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Remaking the Guest Experience

Sheraton is using design as a tool to create a sense of community.

Kimberley Wray
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Raleigh Sheraton lobby
This Sheraton lobby in Raleigh, NC, embodies the design aesthetics that Senior Design Manager Brittney Hepler (pictured above) and her team strive to create for each Sheraton property.

Anyone questioning residential design’s impact on the hospitality industry needs to take a closer look at the transformation currently underway at Sheraton Hotels & Resorts. At the recent BDNY show in New York, Marriott’s Global Design Strategies team offered insights into how current trends in the home are being applied to remake the Sheraton experience.

In discussing the new vision, which is to serve as the world’s gathering place, Lionel Sussman, Vice President of Global Design Strategies for Marriott, Sheraton & Delta Brands, shares: “You can’t really talk just about interior design now; it’s really about experience design.” 

The Sheraton design team is using the concept of a public square — a space that people use in myriad ways — to create a sense of community for guests and locals. “We looked at how we could create fluid spaces that are holistic and have stylish essentials, and we looked at how we could design them using an inviting, welcoming, residential approach,” explains Brittney Hepler, Senior Design Manager, who in her current role draws on a foundation in visual merchandising and design, interior design, digital user experience and F&B development.

“Think,” for example, “about how people are using their Alexa or Apple Home devices in the home, or how they’re starting to play with Philips Hue bulbs to control ambiance,” Hepler relates. “In my own home, everything is connected digitally, and there is this sort of beautiful, intuitive experience. There is something almost beautiful to the design of these devices and how they fit into the home environment. As we get more and more used to that in our homes, we’re only going to expect it more and more in a built environment like a hotel. I’m not saying that we’re going to be implementing those same devices at Sheraton, but that mindset of applying technology and having quick connectivity, and a seamless experience that transitions through the day as it does in your home, is definitely informing our thinking.”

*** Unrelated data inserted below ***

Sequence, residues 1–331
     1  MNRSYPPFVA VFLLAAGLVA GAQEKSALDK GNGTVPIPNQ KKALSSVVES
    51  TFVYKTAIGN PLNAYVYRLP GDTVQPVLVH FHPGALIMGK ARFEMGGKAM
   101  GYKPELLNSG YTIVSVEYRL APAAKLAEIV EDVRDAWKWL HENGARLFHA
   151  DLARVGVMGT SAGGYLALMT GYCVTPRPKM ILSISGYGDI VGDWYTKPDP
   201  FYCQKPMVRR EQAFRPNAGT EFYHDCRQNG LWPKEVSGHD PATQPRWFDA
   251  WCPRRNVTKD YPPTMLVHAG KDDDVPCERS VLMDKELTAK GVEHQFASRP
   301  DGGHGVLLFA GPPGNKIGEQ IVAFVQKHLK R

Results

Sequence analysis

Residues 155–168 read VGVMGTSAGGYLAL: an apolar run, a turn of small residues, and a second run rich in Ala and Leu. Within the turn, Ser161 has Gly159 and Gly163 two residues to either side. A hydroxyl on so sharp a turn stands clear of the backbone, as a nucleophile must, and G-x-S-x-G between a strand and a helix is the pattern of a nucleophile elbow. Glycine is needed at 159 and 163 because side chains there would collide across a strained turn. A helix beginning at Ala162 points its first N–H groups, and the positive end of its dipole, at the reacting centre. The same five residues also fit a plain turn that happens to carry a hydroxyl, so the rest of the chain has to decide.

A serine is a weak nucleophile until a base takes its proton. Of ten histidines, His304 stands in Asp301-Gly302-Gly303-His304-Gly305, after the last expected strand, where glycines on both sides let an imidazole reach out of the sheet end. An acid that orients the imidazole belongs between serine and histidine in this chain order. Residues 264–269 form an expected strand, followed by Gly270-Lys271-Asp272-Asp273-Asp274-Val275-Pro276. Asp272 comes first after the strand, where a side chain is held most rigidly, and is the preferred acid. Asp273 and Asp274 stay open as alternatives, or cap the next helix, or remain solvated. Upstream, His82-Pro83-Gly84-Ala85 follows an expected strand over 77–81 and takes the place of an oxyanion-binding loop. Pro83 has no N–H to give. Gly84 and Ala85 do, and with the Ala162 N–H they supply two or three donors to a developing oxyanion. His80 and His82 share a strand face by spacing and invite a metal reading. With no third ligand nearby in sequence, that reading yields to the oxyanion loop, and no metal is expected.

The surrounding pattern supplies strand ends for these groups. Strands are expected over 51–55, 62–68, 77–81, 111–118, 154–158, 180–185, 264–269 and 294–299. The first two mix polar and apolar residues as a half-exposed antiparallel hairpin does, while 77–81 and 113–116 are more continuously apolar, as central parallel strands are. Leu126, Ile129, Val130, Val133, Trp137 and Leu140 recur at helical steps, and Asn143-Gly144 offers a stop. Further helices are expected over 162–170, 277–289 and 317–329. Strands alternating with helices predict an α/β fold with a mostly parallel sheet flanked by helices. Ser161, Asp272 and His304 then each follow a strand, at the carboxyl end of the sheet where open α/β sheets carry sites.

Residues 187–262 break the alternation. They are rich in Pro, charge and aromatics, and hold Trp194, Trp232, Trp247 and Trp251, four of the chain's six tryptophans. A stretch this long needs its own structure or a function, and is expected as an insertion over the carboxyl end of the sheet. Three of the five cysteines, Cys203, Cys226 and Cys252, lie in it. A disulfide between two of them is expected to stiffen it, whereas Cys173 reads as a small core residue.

As is a comforting and warm design aesthetic that feels familiar, with an air of sophistication and timelessness. The goal “is that Sheraton doesn’t want to just be a hotel filled only with transient guests in its public spaces,” she explains. “We want to capture local people who feel that Sheraton is part of the local landscape because that’s what the brand used to be back in the day. We want people to feel an immediate sense of ease, and we’re trying to design a space where people feel like they can truly be productive with a sort of third-space feel. We looked at Starbucks and WeWorks and other co-working spaces and thought about what we could do to enhance that. For these reasons, we’ve pushed acoustics and technology to the forefront of our designs as stylish essentials.”

One of the signature components moving forward is a reinterpretation of a classic phone booth. “It’s not just one of those hard, pod designs that you would typically have in an office, but an actual space that is fully insulated acoustically with acoustic treatments that might have a bit of pattern work that represents the local environment or local weaving techniques that make the hotel feel like it’s a part of the community.” Other regional references might include regional dying techniques, and the use of earthenware and ceramics. “The idea is that it should feel like you are in a friend’s really comfortable home and they have collected all these interesting artifacts from different cultures they have visited.”  

Hepler believes there are takeaways here for anyone thinking about improving their guest experience, including retailers. “When I think about what’s going on in retail and what we’re doing in hospitality, the thing that has always struck a chord with me as a designer is that holistic brand positioning and strategy can capture people and activate spaces. If people really start thinking about how their physical space truly represents their brand, they have to have some authenticity. And consumers need to feel that authenticity moving from their website to the physical space. They have to feel that the brand, across the board, 100 percent, stands for what it believes in.”

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